New law criminalising supply of '˜legal highs' welcomed by Northamptonshire Police
A Northamptonshire Police superintendent has welcomed the introduction of a new law that aims to prevent the production and supply of so-called '˜legal highs'.
The Psychoactive Substances Act comes in to force today and will criminalise the supply of any substance intended for human consumption that is capable of producing a psychoactive effect, apart from a few named exceptions such as alcohol, nicotine, caffeine and medical products.
Legal highs are reported as being a problem by 10 per cent of young people in treatment in Northamptonshire, compared to two per cent nationally.
Northamptonshire Police will have a variety of option in enforcing this legislation including prohibition notices, premises notices, prohibition orders and premises orders which allow police or local authorities to require people to stop stocking, selling or supplying psychoactive substances.
Members of the public are being encouraged to let the police know if they believe shops or establishments are continuing to supply psychoactive substances.
Prison sentences of up to seven years and powers for officers to stop and search people, vehicles and vessels, enter and search premises in accordance with a warrant and to seize and destroy psychoactive substances are included in the new legislation.
While the new Act does not criminalise simple possession of psychoactive substances it will be an offence to possess them within custodial institutions, or anywhere with intent to supply them to another.
Superintendent Sean Bell, Director of Intelligence, said: “We welcome the introduction of the Psychoactive Substances Act 2016. It is recognised that these drugs pose a significant risk to the safety of those that take them and this legislation will provide officers with the powers to take positive action in order to protect the public from harm.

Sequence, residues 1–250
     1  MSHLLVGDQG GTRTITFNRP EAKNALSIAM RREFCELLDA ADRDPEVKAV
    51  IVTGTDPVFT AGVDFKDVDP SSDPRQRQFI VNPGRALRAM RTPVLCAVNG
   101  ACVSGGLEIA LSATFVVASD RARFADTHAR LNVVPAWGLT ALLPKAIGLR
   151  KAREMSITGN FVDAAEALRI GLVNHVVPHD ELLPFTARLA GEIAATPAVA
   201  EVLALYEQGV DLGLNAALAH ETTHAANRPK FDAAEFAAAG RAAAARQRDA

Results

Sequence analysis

“We want to raise awareness in our communities of the dangers that these illegal substances offer and the penalties that those manufacturing and supplying these drugs may face.”
In September 2014, James Johnstone, former owner of the Misty Haze shop in Northampton town centre, was given a three-month suspended prison sentence after he admitted selling ‘legal highs’ to schoolchildren.
A Northamptonshire County Council spokesman, said: “These substances can be extremely dangerous as people can’t be sure what they contain. They can cause significant damage to the people who take them and in turn hurt the people around them.
“We are keen to work closely with the police to tackle this issue and provide treatment to those who need it. We feel strongly that by sharing intelligence on their use we can implement the legislation more effectively and make Northamptonshire a safer place.”